Too nervous about greeting the crowd, Elena Rybakina jumped onto Centre Court ahead of the women’s final at Wimbledon.
No greeting. No glance at the stands. Her early play showed nervousness. It was quite expected since she was playing in her first career Grand Slam championship.
Then, two hours later, the Rybakina came from behind to beat Ons Jabeur 3-6, 6-2, 6-2 in the Wimbledon final on Saturday.
It was the first Grand Slam title for Rybakina, the 23rd-ranked player in the world, in her career. And the first in the history of his country.
And even then, Rybakina remained very discreet, emitting a faint sigh of relief and a brief smile.
“I’m glad it’s over, to be honest,” said the young woman, “because I’ve never experienced anything like it.”
Rybakina is a 23-year-old player born in Moscow. She has represented Kazakhstan since 2018. It’s after the former Soviet Union offered her sports career funding.
Because of the Ukrainian invasion, all Russian and Belarusian players were banned from the tournament.
It was the first time since 1962 that the championship match on an English pitch pitted two players in their first career Grand Slam final.
Since the computerization of the WTA rankings in 1975, only one woman ranked lower than Rybakina has triumphed at Wimbledon. It was the American Venus Williams, then 31st, in 2007.
But, Williams had already ranked first in the world and had already won three of his five career trophies at the All England Club by that time.
“You have a perfect game, and I don’t think we have someone like you on this circuit,” Rybakina told Jabeur during the trophy ceremony. I ran so much today that I don’t think I’ll have to train for a while.
Jabeur also played in his first major final.
“She deserved it. I hope next time it’s my turn,” said Jabeur. She has a strong personality on the court and joie de vivre outside it earned him the nickname “Minister of Joy.”
“Elena stole my title,” Ons Jabeur joked, “but it’s O.K.”
Rybakina relied on his powerful serve and devastating forehand to overcome Jabeur.
At the same time, the Rybakina slowed Jabeur’s winning streak to 12. As she was trying to become her country’s first national and the first African player to win a Grand Slam title.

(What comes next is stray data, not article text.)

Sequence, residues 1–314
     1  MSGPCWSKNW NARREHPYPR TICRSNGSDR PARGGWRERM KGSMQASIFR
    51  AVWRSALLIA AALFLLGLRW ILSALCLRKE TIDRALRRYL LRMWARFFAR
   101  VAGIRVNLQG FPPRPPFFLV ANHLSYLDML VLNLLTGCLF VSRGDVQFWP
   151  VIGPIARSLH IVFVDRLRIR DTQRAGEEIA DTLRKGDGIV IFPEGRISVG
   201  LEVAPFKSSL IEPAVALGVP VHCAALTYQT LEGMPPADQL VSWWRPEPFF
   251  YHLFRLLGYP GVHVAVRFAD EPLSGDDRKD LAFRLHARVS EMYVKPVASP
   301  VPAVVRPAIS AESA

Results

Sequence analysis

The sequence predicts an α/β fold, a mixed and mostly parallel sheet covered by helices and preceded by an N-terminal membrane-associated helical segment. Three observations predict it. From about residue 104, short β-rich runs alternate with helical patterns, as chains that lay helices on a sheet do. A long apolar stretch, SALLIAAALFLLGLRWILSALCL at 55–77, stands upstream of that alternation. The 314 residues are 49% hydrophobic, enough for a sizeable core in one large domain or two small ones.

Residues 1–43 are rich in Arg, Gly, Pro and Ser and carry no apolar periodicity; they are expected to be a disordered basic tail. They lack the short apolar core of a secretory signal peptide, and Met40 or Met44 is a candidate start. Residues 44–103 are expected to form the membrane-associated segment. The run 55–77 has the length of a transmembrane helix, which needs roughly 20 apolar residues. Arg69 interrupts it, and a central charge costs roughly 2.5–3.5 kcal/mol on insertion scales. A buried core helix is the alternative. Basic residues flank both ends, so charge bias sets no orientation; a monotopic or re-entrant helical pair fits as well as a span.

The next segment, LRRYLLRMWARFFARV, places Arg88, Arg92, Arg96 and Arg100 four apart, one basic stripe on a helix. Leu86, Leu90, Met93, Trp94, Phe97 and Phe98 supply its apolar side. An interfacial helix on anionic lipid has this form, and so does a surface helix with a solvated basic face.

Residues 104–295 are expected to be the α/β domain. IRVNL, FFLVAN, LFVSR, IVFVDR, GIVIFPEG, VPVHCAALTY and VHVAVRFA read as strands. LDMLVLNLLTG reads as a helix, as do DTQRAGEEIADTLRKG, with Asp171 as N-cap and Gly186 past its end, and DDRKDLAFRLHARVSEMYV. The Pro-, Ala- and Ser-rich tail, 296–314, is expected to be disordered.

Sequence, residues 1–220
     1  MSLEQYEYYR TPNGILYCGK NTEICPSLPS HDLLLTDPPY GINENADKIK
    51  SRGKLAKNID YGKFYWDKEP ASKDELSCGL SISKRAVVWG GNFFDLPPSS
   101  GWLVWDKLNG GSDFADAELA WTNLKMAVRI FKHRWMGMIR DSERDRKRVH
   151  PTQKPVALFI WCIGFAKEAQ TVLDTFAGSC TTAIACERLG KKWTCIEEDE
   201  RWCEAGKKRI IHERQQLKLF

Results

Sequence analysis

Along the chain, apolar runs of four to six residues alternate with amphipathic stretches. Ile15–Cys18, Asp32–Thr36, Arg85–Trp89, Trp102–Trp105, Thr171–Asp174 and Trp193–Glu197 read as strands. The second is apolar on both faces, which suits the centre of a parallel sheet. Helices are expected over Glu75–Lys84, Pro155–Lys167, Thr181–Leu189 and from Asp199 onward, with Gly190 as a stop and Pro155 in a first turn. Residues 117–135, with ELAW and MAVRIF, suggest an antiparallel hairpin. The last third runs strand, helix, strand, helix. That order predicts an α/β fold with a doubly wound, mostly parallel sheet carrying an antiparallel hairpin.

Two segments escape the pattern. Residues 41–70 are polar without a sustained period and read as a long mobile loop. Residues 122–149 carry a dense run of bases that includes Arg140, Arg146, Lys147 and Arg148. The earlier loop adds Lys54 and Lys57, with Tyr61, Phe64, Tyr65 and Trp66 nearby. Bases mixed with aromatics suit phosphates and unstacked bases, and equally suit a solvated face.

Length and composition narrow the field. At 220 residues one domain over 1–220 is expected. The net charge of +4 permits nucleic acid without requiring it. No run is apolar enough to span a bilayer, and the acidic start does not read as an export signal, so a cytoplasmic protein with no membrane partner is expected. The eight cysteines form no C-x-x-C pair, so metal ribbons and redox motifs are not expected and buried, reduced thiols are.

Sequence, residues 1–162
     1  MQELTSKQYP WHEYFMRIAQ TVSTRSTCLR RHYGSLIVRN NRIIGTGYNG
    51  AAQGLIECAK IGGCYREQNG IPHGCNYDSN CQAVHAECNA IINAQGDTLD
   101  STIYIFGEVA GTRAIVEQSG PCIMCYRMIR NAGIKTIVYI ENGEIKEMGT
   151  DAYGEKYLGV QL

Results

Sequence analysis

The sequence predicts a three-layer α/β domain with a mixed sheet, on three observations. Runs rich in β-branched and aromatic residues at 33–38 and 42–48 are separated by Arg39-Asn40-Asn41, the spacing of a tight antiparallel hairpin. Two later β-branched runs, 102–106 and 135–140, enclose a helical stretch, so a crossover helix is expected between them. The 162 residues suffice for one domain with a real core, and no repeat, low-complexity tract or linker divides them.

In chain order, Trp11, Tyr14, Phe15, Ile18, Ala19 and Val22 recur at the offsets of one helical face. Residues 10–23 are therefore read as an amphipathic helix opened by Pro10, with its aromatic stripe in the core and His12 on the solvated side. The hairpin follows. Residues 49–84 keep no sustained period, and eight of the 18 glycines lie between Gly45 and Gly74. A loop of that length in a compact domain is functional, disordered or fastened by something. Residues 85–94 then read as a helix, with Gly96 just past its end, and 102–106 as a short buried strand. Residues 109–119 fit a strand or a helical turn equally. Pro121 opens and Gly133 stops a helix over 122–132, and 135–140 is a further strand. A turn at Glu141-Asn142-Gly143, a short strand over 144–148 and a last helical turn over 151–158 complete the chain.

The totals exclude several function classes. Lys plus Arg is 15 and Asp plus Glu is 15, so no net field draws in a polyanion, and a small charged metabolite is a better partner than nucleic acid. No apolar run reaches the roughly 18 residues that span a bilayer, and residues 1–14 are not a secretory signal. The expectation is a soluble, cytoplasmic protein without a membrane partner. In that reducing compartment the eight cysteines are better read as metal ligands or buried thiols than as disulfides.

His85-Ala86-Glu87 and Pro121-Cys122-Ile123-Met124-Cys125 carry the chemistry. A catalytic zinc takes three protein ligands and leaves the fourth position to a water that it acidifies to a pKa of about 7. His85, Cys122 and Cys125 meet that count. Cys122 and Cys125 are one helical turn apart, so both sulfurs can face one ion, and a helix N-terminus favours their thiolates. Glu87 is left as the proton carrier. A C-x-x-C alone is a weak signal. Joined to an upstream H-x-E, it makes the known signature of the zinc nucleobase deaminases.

“I love this tournament. I am so disappointed. But that’s tennis. There is only one winner, Jabeur said.
I’m really happy because I’m trying to inspire the next generations of players in my country. I hope they watched the game.
Rybakina showed all her arsenal from the start. A big serve, she dominates the circuit aces in 2022 and a penetrating forehand.
She offered a brief glimpse from the first game, including a service at 119 mph (191 km/h) on the game’s first point.
Yet, Jabeur did not take long to adjust.
Meanwhile, mistakes were starting to pile up on Rybakina’s side. A volley into the net while the broad side of the field was completely open.
A forehand into the goal after Jabeur had returned the ball to his side of the area in pain and misery. Then, after another wild forehand, Jabeur broke his opponent to zero to win the first set.
But, this match was not a long quiet river, and Rybakina pulled herself together. His serve regained its bite, while Jabeur was in trouble in his selection of shots.
The Tunisian’s forehand then dropped her. Rybakina took the opportunity to win on serve and backfield in the second and third sets.
And when Jabeur could not return Rybakina’s last serve of the match, she looked relieved before smiling shyly.
Soon after, she climbed the wall separating the court from the first row of seats before sneaking through the crowd to her team for the traditional brace of victory.
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